“April is the cruellest month,” wrote T.S. Eliot, whose words have been echoing in my head of late, with the recent passage of Indiana’s “Religious Freedom Restoration Act” and the ensuing debate about whether wedding professionals should have the right to claim a religious exemption when it comes to baking cakes or selling dresses to same-sex couples. The brouhaha engendered by RFRA alongside end-of-semester stresses have put me in mind of mine and Steve’s first fight.
♥ ♥ ♥
We don’t fight much, and “fight” is relative—our fights are probably more accurately described as “intense disagreements” or maybe, once or twice, “arguments.” We rarely argue about elements of our relationship, but sometimes we disagree about ideas or politics or some happening in the world. The first time it happened was back in July 2014, when the Supreme Court issued the Hobby Lobby decision.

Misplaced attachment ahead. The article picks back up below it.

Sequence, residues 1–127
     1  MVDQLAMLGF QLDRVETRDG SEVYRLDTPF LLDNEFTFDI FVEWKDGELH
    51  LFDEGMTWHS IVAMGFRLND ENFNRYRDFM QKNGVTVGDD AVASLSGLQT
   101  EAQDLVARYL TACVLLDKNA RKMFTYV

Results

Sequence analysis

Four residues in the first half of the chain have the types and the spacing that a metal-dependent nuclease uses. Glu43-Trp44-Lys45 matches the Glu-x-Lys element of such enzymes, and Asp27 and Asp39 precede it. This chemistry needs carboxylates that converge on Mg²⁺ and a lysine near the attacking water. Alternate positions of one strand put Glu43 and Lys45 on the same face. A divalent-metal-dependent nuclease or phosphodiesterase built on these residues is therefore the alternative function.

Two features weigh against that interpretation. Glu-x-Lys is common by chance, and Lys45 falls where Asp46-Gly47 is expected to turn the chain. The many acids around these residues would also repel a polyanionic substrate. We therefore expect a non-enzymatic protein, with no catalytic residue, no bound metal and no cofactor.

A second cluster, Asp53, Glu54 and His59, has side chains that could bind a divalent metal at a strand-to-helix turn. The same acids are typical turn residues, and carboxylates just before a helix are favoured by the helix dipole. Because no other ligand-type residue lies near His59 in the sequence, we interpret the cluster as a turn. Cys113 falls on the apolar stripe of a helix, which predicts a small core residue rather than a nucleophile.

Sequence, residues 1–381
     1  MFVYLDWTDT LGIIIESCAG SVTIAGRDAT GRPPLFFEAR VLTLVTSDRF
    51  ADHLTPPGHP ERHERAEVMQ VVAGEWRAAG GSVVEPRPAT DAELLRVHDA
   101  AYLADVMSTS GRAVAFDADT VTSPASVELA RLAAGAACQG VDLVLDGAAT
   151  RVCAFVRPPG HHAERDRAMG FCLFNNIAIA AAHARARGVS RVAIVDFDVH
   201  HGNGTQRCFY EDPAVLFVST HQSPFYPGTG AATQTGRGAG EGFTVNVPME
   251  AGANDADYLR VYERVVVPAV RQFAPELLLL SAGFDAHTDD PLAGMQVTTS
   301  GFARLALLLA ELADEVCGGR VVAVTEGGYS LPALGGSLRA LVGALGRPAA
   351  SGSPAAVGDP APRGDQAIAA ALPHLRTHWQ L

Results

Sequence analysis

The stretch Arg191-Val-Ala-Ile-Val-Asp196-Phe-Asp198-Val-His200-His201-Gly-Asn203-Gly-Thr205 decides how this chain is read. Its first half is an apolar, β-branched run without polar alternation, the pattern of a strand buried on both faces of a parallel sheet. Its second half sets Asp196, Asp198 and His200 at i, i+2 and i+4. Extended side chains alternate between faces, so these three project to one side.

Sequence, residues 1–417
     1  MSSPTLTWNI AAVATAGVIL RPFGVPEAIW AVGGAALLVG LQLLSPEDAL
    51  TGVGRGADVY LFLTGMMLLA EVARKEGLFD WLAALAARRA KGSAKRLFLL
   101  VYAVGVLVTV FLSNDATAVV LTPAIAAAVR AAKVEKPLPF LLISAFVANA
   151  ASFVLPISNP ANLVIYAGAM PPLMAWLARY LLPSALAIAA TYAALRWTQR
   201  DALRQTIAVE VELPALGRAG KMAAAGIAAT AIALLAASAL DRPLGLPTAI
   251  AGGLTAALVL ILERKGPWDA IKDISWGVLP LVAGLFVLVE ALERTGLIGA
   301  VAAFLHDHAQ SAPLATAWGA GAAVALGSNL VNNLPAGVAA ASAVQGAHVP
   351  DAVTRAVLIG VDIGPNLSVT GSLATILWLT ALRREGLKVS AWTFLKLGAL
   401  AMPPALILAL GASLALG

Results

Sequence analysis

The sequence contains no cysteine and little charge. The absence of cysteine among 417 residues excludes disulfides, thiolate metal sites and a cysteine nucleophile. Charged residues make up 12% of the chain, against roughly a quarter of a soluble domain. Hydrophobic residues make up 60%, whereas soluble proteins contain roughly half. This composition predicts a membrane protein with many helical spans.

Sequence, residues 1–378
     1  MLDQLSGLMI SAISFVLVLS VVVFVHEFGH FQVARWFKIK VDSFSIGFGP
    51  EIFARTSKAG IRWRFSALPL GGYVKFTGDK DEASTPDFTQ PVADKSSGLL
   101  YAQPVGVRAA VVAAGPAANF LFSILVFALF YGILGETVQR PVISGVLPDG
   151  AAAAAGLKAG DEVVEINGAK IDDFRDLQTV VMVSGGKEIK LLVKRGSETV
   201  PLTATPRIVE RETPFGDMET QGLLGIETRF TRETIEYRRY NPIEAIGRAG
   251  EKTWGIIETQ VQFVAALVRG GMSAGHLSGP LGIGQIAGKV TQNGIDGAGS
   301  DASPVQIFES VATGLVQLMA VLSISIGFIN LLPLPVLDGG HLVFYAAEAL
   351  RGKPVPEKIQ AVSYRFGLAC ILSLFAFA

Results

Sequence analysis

I still remember sitting on my sofa, talking to Steve on the phone, expressing my frustration with the decision. I’d posted a question on Facebook: “Hobby Lobby purports to believe it is wrong for the government to ‘impose’ their ‘moral standards’ on the company at cost to the company. How then do they justify imposing their moral standards on their employees, at additional cost to the employees? (Who, by the way, are likely LESS financially able to bear the burden.) So it’s okay to impose a set of beliefs and morés on others, so long as they’re YOUR beliefs and morés?”
I was dismayed when Steve, though he didn’t exactly side with the Supreme Court’s decision, expressed empathy with their reasoning. He was (not unjustifiably, in a general sense) concerned about the over-reach of government. While he favored some regulation, he felt, on principle, there was inherent danger in the government dictating the policies of a privately held company, especially if they had moral objections to the mandate. If an employee didn’t like the specifics of a company’s insurance plan, he argued, she or he didn’t have to keep working there. Continue reading